I saw the Danby ad in the AJN. In it, he quotes Rose, from "her book" Army of Roses . A bit of research shows that the only connection between this book and Rose is that the title has a word in it that is very close to her name. Good research, Michael! BTW, the phrase "Is this normal?" which Michael finds in the book isn't in fact there

  • Bernadotte

    Mike holds a seat for the "left" in the Australian federal parliament. In his spare time he defends Israel, defames Arabs, stifles debate in the Australian parliament, and plagarizes talking points from the PNAC script:


    * All of Iraq's 240 hospitals and more than 1200 clinics are open and have been re-equipped.

    * Since April more than 22 million vaccination doeses have been given to Iraqi children

    * For the first time in its history, Iraq has an independant judiciary, with 400 courts functioning.

    * All 22 Universities and 43 technical institutes and colleges are open, as are nearly all primary and secondary schools.

    * Most cities and towns now have elected governments, and the interim Iraqi authorities are now in charge of most day-to-day government.

    – Michael Danby, The Australian, October 20, 2003.



    L. Paul Bremer

    Coalition Provisional Authority Administrator

    Opening Remarks

    Press Conference 9 October 2003

    […] Six months ago there were no functioning courts in Iraq.

    * Today nearly all of Iraq’s 400 courts are functioning.

    * Today, for the first time in over a generation, the Iraqi judiciary is fully independent.

    […] Six months ago nearly all of Iraq’s schools were closed.

    * Today all 22 universities and 43 technical institutes and colleges are open, as are nearly all primary and secondary schools.


    * Today all 240 hospitals and more than 1200 clinics are open. […]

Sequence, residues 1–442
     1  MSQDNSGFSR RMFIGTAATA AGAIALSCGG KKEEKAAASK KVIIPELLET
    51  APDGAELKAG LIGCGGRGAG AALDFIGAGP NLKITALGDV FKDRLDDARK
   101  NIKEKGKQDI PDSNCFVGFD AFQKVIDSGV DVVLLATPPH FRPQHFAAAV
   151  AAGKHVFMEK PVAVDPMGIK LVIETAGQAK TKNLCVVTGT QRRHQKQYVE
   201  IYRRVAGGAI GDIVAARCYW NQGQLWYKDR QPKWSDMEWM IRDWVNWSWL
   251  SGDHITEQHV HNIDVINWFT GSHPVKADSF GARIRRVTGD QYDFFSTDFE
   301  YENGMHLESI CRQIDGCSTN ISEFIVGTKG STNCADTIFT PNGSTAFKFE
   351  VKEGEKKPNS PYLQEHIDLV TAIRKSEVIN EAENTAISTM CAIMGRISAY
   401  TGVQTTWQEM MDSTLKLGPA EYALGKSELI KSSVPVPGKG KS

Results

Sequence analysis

* Pharmaceutical distribution has gone from essentially nothing to 700 tons in May to a current total of 12,000 tons.

    * Since liberation we have administered over 22 million vaccination doses to Iraq’s children.


  • Glenn Condell

    So he's a neocon and a liar (same thing); as well as a Likudnik. The ALP hould get rid of him.

    Great post Ant.

  • Don Wigan

    I agree with your reasoning, Antony. It is too important a battle to lose.

    Despite the diaspora in the past always being on the fringes of western society- sometimes brutally treated, sometimes meanly discrininated against, sometimes grudgingly accepted and sometimes accepted but barely noticed – they have made great contributions not just in industry and commerce but in music and the arts and academia and the professions where their numbers proportionately always seem higher than their actual percentage of the community.

    Mindless anti-semitism is largely confined to a few neo-nazis. Israel's belligerent bahaviour, its apartheid-type policies and the ruthless lobbying against critics here and in the US is ultimately going to lead to outbreaks of anti-semitism. Its people and followers deserve a lot better.